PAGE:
Anyone can tell Fergus that he sucks at his job and isn’t performing well. But then Fergus isn’t motivated to be a good employee! It takes a certain talent to go up to Fergus, convey to him why his work isn’t up to par, and then in the next sentence motivate him to do better and to not get down on himself. Not everyone has this skill. Some people have this skill when they are 24. And others develop this skill over time and become proficient at 54.

      For the OP, if you’re concerned about not being a manager because you’ve been out of college for 5 years, there is no magic number of years you need to promote. For me, it was 15 years post law school before I promoted for the first time. Last fall we promoted someone who had been out of school for 8 years. This spring we promoted someone for the first time who had been with the agency for 20 years.

      Reply
  2. TotesMaGoats

    I think one of the biggest points is…have you talked with your manager about your desire to be promoted? If you haven’t, then you can’t expect them to promote you. We aren’t mind readers. They should be asking you but if they aren’t then tell them.

    I would also add that getting those graduate degrees are great but they won’t get you promoted. They might open up opportunities to apply for jobs that you wouldn’t be qualified for otherwise but that’s it.

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    1. The Other Dawn

      Agree 100%. Unless someone tells me they’re looking to advance, I usually assume they’re happy where they are. Not that I don’t recognize potential in my people, but I’m not a mind reader either.

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    2. LBK

      Yeah, maybe I’m overparsing but it sounds to me like the OP has kinda been sitting back and waiting for someone to hand her a new job? That’s not really how promotions work. Yes, there are people who get promoted without going through the whole application and interview process, but that’s usually the result of longer-term conversations that have been happening in the background between that person and their management. They aren’t usually just getting offered the role out of the blue.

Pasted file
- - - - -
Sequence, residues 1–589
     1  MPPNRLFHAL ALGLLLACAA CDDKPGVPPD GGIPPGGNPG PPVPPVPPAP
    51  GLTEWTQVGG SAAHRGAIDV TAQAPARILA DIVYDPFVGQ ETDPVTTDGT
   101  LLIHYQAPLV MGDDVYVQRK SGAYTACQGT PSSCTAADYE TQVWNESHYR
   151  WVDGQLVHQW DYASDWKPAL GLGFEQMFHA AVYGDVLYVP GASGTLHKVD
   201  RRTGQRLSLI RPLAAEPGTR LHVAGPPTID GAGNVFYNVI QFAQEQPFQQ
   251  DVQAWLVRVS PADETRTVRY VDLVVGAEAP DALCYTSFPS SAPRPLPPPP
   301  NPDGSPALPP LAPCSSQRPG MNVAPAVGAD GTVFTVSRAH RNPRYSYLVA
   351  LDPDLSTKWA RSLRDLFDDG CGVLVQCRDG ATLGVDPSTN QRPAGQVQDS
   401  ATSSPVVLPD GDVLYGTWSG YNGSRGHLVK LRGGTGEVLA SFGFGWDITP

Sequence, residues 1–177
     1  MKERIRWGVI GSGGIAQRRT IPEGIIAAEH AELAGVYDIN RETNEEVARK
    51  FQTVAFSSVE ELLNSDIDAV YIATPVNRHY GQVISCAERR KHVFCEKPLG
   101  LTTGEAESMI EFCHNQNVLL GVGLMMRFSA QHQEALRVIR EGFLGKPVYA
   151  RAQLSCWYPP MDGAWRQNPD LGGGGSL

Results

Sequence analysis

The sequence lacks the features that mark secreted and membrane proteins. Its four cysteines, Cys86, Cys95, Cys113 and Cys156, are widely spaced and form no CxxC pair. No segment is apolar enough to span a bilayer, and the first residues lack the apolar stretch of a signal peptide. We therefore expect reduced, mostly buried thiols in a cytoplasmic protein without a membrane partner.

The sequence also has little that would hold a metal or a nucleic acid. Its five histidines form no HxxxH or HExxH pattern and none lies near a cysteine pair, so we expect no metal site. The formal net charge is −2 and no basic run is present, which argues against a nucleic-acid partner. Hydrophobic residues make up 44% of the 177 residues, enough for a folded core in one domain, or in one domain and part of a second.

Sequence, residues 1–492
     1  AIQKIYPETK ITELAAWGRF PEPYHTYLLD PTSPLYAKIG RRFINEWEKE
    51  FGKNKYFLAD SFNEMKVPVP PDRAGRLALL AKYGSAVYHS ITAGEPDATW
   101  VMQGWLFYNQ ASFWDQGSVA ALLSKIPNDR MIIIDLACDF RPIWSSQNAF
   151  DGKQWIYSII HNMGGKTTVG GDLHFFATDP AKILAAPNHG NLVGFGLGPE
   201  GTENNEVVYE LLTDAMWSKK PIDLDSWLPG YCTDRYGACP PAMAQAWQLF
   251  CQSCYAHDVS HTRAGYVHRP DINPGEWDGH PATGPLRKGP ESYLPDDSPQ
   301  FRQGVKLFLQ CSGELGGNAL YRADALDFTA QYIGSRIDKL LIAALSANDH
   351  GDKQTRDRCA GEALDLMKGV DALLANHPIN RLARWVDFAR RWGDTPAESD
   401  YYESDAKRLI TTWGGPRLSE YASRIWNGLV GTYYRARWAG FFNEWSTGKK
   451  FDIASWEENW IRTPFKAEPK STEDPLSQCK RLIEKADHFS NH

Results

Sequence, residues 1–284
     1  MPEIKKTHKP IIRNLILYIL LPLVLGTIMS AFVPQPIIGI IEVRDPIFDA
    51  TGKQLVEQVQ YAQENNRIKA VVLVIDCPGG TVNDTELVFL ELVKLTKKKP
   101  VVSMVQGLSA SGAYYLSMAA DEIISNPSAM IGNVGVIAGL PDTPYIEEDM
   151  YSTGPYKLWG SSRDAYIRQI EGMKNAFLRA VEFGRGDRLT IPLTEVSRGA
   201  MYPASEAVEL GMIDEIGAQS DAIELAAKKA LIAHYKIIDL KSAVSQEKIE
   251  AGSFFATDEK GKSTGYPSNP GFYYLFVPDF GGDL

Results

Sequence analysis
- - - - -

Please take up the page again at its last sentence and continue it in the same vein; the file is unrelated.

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      1. Kyrielle

        Among other things, offering it out of the blue doesn’t always work. You have people – like myself – who are quite happy in individual-contributer roles and don’t *want* to manage. We may happily help drive decisions in our area of expertise, mentor other people, answer questions, be a go-to person for more than one topic, take a big-picture view when considering our work (and thus earn more autonomy), but have *no desire* to be a manager. Offering us a promotion out of the blue leads to us turning down the promotion, or not thinking we can and getting stuck in a role we don’t want, possibly then jumping ship to another job. Much better to let the people who ask for it have it – assuming they’re qualified.

        (Have seen both of those scenarios – the turning-it-down when they thought it was a sure thing, thus setting their plans into a mess, and also the person who basically didn’t feel they could say no but hated the new role. So this is not to say they never get offered without an ask, but it’s rare, and there are reasons why it’s not a good idea!)

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        1. Mallory Janis Ian

          I got one of the jobs I hated the most by being offered a promotion that I didn’t ask for. I had worked happily as an individual contributor and then scaled back into a part-time role following maternity leave.

          When I was ready to come back full-time, I called my old manager and asked if any positions were available in my old role. She wanted to think about it and call me back, which made me think that she might offer me a role at a lower level.

          When she called back, it was to invite me to lunch with her and the executive director, and their plan was for me to take over my old manager’s role and to promote her into a higher role that I would report to. I accepted because the salary was better, I was flattered that they saw me in that light, and I thought that I would like to do it, but I hated it. Being responsible for too much of the big picture was too much for me. I like being in a support role where someone else is responsible for managing the big picture stuff.

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      2. AnonMurphy

        I agree, parts of this came off as somewhat passive. The only times I’ve seen impromptu promotions to management have been in times of extreme need (unexpected expansion, etc.).